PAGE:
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Books with Special Needs in Mind

Stories shape children’s views of the world – and books that portray kids with special needs in positive ways encourage friendships among all kids. We asked local librarians and special needs experts for their suggestions for books that spread the message of inclusion, compassion and acceptance.

Picture books

A Day with Russ Series by Janet Elizabeth Rickert

“Russ has Down Syndrome, but that’s not the point in these stories. It’s great to see him in

photographs having everyday adventures with his family and friends at school and on special outings,” says Holly Southern, children’s librarian at Carmel Clay Public Library.

Back to Front and Upside Down by Claire Alexander

Depicting the classroom struggles for a child with learning disabilities, Stan overcomes his fear of asking for help thanks to encouragement from his classmates. “This picture book for younger children received the renowned Schneider Family Book Award, which honors books that embody an artistic expression of the disability experience for child and adolescent audiences,” says Janet Spaulding, the Indianapolis Public Library’s juvenile collection development librarian.

Moses Goes to a Concert, Moses Goes to School, Moses Sees a Play, Moses Goes to the Circus by Isaac Millman

“This series features Moses and his classmates from a deaf school. The stories are told in written English and in American Sign Language. My favorite is Moses Goes to a Concert, where the students hold balloons to feel the vibrations as the music is played,” Southern says.

 My Best Friend, Will by Jaime Lowell and Tara Tuchel

“This book contains real photos of the author, an 11 year-old neurotypical girl, and her friend, Will, who has autism. This book is great for peer awareness and peer sensitivity activities focusing on acceptance and caring,” says Ann H. Sweet, board-certified Behavior Analyst and autism consultant for Carmel Clay Schools.

The Sound of Colors: A Journey of the Imagination by Jimmy Liao

“Amazing, fanciful illustrations show a blind girl making her way through a subway and through her imagination, unable to remember the blue of the sky, yet happy that she can still watch the clouds change shape in her mind, and notice for the first time that the train in the tunnel sounds like ocean waves,” Southern says.

You Can Be a Friend by Tony and Lauren Dungy

Written by the former Colts coach and his wife, the book tells the story of Jade, who wants to celebrate her birthday at the waterpark, but must decide how to include her friend, Hannah, who is in a wheelchair. “The story illustrates the idea that sometimes being a friend means we have to do things a little differently in order to be sensitive to a friend’s needs,” says Connie Boomer, children’s librarian at Hamilton East Public Library, Noblesville.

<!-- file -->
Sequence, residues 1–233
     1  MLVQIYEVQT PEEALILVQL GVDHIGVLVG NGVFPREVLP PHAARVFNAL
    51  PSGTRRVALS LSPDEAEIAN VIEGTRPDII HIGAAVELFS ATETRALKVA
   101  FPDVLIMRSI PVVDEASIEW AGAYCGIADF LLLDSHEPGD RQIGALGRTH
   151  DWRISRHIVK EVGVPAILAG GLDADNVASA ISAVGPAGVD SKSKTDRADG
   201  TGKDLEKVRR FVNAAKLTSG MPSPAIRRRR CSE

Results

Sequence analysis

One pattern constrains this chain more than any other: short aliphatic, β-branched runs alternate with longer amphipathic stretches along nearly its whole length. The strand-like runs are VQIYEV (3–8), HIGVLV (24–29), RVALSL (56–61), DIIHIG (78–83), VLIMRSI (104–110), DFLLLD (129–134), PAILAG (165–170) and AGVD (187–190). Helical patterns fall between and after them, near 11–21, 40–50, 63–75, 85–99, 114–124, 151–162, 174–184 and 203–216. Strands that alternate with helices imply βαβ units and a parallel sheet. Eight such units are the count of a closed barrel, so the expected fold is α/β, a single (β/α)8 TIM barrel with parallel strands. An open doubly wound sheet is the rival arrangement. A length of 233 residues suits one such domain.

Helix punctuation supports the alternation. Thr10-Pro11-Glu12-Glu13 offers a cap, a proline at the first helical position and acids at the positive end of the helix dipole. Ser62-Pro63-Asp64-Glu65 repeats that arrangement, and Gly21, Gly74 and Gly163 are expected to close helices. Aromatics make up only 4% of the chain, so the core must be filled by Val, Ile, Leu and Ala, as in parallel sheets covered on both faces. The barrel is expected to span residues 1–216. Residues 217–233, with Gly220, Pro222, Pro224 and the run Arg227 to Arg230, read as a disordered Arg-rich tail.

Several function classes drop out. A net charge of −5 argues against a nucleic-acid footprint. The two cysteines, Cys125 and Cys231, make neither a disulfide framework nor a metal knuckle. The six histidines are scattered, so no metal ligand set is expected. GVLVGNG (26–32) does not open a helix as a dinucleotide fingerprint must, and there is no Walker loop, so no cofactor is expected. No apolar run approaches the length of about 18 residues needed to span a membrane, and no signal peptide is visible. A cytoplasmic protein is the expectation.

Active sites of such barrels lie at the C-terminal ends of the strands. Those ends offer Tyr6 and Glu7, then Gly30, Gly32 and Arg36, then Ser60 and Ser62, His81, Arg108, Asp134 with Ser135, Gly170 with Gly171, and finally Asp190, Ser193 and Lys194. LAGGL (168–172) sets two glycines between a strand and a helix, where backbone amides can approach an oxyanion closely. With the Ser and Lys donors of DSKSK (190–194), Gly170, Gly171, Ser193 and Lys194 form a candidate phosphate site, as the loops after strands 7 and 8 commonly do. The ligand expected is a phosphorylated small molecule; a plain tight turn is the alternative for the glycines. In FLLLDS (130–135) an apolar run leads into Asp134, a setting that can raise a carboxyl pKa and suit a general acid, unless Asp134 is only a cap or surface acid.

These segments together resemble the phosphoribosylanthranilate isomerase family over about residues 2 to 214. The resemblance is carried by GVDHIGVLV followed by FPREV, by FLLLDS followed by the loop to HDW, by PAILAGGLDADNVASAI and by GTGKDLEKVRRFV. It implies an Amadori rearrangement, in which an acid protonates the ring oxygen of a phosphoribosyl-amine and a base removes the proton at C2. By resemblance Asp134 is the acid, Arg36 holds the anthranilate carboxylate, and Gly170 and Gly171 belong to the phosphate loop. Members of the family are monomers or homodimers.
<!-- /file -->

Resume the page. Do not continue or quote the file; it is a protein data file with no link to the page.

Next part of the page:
Chapter books

Blue Bottle Mystery by Kathy Hoopman

“This is a story about a boy with odd and disruptive behaviors who ends up being diagnosed with Asperger’s syndrome. Imbedded in the story line is the importance of friendship as he and his friend try to solve the mystery of a bottle they find on the playground,” says Gaye Kerschner, behavior specialist with Carmel Clay Schools.

Out of My Mind by Sharon Draper

“This one is written from the perspective of Melody, a fifth-grade girl whose cerebral palsy severely disables her physically but not at all mentally. Readers learn what it is like for her to have no ability to communicate or control her bodily movements. Until she receives a talking computer, almost everyone assumes her mind is as disabled as her body. Her story shows a girl with intelligence, humor and love, especially for her family and the rare teachers and caregivers who recognize her as she is,” Southern says.

Mockingbird by Katheryn Erskine

“This novel is about a teenage girl with Asperger’s who sees the world as black and white and must cope with the loss of the one person who helped her fit in. In search of closure, she finds comfort in the most unlikely place and helps her father in the process,” Kerschner says.

 Rules by Cynthia Lord

“This book is written from the perspective of a 12 year-old girl who has a brother with autism. While waiting for her brother during his speech therapy sessions, she befriends a young boy with cerebral palsy. It is an honest account from the point of view of a sibling who gains new insights on her brother through her new friendship,” Sweet says.

Consider adding some of these book titles to your child’s reading list to begin a conversation about the importance of valuing all people – and encouraging others to do the same.

 

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